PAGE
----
logo_v3We’re just coming out of a season of tech predictions — leaving a trail of top 10 products, trends, etc. to watch. And more will probably be wrong than right. But New York City startup SeatGeek has figured out a way to consistently make accurate predictions, and has just closed a first round of funding to prove it.  What’s it predicting? Ticket prices.

This isn’t the first we’ve seen of SeatGeek, the company presented at TechCrunch50 in September last year and was selected as a finalist. VentureBeat also spotlighted it, along with several others, for having ambitious goals, wanna-have-it products, and a realistic business plan.

Buying event tickets can be nerve-racking. Are you getting the best price? Is someone ripping you off? SeatGeek aims to relieve this pressure by using a complex algorithm to determine whether tickets on the secondary market, sold through resellers like StubHub and Razorgator, are increasing (buy now) or decreasing (you should wait for a lower price). The company boasts that its forecasts are 82 percent accurate.

seatThe company has also launched a new web site with several enhanced features, including an email alert system that updates you when a buying opportunity is at its best, or when specific prices become available. Through a partnership with SeatQuest, the company can now provide interactive seating charts. Now users can know instantly where they will be sitting when they buy passes.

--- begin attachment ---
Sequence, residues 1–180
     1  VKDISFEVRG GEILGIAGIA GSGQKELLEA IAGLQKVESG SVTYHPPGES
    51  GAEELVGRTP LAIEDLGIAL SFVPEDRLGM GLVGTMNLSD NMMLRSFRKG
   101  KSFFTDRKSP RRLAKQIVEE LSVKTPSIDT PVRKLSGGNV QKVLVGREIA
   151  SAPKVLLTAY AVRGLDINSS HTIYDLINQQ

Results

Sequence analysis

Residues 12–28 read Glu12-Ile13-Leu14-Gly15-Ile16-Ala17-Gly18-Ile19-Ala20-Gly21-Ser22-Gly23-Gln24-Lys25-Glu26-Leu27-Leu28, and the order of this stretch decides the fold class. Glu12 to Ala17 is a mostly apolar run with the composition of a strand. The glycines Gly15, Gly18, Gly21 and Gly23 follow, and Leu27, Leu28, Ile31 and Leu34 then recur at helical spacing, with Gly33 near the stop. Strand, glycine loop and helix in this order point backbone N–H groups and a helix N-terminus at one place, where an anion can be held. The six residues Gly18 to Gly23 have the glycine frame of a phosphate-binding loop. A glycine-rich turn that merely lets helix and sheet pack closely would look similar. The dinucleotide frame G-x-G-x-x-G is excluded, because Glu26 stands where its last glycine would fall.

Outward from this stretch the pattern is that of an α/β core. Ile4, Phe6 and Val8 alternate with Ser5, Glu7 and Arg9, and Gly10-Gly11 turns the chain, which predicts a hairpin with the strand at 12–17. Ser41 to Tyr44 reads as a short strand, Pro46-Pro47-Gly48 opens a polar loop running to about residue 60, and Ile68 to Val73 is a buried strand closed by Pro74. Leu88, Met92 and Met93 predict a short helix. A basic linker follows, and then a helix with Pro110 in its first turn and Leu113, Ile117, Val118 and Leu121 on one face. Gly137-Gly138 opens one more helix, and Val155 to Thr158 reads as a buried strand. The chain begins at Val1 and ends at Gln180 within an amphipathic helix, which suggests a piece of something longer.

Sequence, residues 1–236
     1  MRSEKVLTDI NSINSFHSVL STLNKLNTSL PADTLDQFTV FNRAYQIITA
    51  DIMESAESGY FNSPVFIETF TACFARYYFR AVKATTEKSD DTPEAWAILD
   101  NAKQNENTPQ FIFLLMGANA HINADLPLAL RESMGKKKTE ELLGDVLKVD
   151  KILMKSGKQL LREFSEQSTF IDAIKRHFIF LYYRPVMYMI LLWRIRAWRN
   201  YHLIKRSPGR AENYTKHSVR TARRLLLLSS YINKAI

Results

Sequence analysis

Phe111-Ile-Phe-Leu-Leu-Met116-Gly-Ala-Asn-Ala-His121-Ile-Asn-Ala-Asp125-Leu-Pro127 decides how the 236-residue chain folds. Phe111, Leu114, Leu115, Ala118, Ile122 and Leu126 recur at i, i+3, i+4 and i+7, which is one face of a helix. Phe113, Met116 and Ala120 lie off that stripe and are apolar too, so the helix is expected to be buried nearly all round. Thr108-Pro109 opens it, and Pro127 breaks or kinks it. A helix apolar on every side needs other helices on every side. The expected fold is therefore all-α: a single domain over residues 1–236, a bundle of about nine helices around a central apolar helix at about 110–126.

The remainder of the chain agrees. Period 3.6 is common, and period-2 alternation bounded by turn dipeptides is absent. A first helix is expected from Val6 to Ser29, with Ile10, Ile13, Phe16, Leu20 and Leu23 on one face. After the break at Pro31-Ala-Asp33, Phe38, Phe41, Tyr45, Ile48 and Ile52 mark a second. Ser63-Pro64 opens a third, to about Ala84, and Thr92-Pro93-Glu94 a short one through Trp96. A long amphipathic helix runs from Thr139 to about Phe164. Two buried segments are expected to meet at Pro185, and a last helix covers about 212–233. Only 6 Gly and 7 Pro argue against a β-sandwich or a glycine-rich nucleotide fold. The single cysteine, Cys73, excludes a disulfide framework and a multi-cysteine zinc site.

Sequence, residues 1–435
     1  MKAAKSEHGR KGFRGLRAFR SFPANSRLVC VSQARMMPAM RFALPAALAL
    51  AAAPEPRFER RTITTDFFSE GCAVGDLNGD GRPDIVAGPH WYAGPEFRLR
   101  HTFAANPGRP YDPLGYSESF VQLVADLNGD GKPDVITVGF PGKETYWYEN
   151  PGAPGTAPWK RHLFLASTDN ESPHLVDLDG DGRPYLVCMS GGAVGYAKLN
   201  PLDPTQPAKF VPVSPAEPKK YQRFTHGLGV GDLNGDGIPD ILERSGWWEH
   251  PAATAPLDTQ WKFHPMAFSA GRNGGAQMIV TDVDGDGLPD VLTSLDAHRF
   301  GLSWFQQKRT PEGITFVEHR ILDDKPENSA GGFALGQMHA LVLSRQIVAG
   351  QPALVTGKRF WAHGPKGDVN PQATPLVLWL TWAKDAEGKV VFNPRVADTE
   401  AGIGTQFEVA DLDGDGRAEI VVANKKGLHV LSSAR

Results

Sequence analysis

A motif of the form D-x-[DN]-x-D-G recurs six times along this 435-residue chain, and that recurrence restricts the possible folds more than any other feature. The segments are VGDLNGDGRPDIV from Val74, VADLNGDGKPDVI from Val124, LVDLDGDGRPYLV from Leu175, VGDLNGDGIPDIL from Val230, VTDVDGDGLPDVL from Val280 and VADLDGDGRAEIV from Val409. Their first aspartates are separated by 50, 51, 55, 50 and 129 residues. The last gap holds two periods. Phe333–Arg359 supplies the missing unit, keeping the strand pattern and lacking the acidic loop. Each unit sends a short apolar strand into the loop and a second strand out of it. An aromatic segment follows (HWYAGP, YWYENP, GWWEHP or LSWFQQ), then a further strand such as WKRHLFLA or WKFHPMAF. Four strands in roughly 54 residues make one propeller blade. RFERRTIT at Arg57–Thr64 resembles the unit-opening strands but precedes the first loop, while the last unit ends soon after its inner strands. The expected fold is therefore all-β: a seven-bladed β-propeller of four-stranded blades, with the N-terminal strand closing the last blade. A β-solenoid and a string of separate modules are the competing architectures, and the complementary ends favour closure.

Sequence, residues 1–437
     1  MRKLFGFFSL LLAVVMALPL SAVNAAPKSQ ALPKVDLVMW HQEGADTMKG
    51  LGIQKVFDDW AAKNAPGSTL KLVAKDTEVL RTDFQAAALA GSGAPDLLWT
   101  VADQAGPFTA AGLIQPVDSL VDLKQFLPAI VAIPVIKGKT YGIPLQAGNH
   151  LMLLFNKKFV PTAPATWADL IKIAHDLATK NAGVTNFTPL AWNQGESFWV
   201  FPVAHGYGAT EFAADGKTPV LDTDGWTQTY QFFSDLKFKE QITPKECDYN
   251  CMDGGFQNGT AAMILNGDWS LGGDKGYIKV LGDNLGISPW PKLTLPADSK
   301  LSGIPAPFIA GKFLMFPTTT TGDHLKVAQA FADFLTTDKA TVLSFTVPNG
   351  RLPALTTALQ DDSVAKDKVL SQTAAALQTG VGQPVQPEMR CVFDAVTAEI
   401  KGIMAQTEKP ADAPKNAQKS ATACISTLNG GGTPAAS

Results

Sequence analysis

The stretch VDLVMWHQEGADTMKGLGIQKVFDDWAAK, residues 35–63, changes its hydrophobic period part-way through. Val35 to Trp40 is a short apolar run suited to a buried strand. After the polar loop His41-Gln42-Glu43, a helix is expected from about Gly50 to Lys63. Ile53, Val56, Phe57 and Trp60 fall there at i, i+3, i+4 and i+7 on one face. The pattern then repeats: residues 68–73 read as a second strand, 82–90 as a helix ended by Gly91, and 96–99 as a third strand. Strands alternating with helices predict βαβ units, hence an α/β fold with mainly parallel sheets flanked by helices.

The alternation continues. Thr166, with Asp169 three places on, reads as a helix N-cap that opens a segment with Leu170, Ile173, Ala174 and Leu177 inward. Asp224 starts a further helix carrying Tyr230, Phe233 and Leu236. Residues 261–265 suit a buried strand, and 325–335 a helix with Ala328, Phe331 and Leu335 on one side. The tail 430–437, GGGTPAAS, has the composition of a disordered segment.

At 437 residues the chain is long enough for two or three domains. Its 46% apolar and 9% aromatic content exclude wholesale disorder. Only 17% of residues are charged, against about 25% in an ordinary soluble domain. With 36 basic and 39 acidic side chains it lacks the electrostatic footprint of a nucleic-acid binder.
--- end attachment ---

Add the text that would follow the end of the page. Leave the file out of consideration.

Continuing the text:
According to TechCrunch, the company has secured between $500,000 and $1 million in its recent round of financing, which will be added to a previous seed funding of $20,000 from DreamIt Ventures.

The new round was led by four angel investors, including Sunil Hirani (founder of Creditex, an online derivatives market that was acquired for $625 million in 2008), Mark Wachen (founder of Optimost, an enterprise multivariate testing app acquired for $52 million three years ago), Arie Abecassis (former president of MindFire) and Allen Levinson (former managing director of Moody’s KMV). Funding will be mainly used for hiring, SeatGeek says.